Jasmine Hemsley shares her five go-to Ayurveda spices she always has in her kitchen.
One of the central elements of Ayurvedic cooking is nature’s medicine cabinet of herbs and spices — which can be used to help bring the body into balance, as well as making your food taste delicious. I have many favourite spice combinations that I like to cook with, which I detail in my book East by West, but I’ve selected five of my go-to spices, each with its own health-boosting properties to get you going. As with everything in life, you can have too much of a good thing, so enjoy a little of a variety of spices in your everyday dishes as part of a healthy balanced lifestyle rather than going overboard when you’re feeling less than your best — after all, the dose makes the medicine… and the poison!!!
1. Black pepper
This is definitely one of the more familiar spices here in the West, and on restaurant tables and in homes all around the world, but do we ever stop to think about what it actually brings to the table apart from flavour?! Not only does it work like salt in enhancing the flavour of dishes (try a fresh grind on a strawberry for a taste sensation, or my black pepper, prune and sesame seed chutney from East by West page 236), but that fiery flavour also creates heat in the body that works to liven up the Agni or digestive fire, helping your body to break down food. It is known to have cleansing and antioxidant properties, and is a must-do combo if you’re cooking with turmeric in order to make the active ingredients in the yellow spice more available to your body.
Ginger is a wonder spice: it helps with nausea (take note for travelling!), digestion and joint pain, and is anti-inflammatory and antibacterial. Drink a ginger infusion to help clear congestion and wake up your taste buds or chew on raw ginger with lime and salt from East by West (page 245) before eating to help you boost your Agni or digestive fire — especially if you’ll be asking for a lot from it when there’s a feast or late-night eating on the cards! You can also carry around my ginger anise chews (page 103) for a more portable option. And don’t forget dried ginger — add a pinch of this to shop-bought porridges when you’re on the move, pop it into a cup of tea to give it a chai feel, or sprinkle it into salad dressings at restaurants, or just anywhere you fancy to boost the internal heat of your body.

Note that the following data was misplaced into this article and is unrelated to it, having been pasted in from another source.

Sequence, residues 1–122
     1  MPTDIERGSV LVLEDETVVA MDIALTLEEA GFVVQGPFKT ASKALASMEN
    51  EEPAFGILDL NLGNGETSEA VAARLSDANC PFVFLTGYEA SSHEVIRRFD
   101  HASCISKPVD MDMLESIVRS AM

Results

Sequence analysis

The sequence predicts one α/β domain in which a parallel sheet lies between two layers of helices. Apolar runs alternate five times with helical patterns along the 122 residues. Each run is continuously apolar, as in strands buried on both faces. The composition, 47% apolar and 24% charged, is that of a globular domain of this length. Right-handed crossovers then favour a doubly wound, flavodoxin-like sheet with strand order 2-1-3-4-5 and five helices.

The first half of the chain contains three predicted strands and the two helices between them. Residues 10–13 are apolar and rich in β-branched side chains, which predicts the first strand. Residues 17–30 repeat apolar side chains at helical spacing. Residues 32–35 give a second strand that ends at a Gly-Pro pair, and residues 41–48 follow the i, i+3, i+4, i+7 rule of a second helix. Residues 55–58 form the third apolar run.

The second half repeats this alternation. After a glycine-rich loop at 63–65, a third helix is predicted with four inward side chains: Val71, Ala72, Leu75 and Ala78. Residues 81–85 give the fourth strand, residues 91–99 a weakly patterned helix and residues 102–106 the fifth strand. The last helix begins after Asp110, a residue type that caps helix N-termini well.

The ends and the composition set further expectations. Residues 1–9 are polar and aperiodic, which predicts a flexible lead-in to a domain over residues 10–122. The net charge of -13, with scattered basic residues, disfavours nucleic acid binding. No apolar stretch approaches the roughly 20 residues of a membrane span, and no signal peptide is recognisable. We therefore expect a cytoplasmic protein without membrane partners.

Also known as hing, this spice is definitely less common in Western households, but it’s a valuable addition to your pantry. It is quite pungent — a bit like onion or garlic — and I liken it to bouillon in both looks, flavour and aroma. A little goes a long way but it’s a powerful ally, helping to make beans and lentils more digestible (alongside a long thorough cook). It has a carminative effect on the body, helping to reduce gas and congestion, and has anti-viral properties as well.
Cloves are wonderfully flavourful in sweets and hot drinks — try my breakfast spiced apples for a warming bowl to start the day. Cloves have traditionally been used to help freshen your breath, ease toothache thanks to their numbing effect, and prevent tooth decay, as well as relieve headaches and gas. I like to add them to my homemade respiratory remedy (page 253) along with other healing spices and always carry a few in my pocket for car or motorway journeys, where I can easily become a bit car sick if I’m not careful. Just pop a couple in your mouth and chew! They have a strong medicinal flavour, a bit like perfume or soap, and indeed were extremely valuable in time immemorial as an essential addition to the medicine cabinet for all the reasons above.
I love cumin for how versatile and distinct it is — it works just as well in my soft boiled eggs with cumin courgette and broccoli dippers as it does in beetroot soup (or any beetroot dish for that matter) — instantly taking an everyday dish up a notch. Like the other spices on this list, cumin helps liven up your digestion and relieve gas and bloating, while improving circulation and metabolism. Interestingly, it’s great for menstruation as it helps to relieve cramps, and new mothers may find it helpful for promoting breast milk production. It’s no wonder it’s the second most-used spice in the world — from Morocco to India all the way to your kitchen. If you can, buy whole seeds and grind them fresh as you need them in a pestle and mortar or spice grinder.
Read more about Jasmine’s journey into sustainability in her Life As I Know it interview.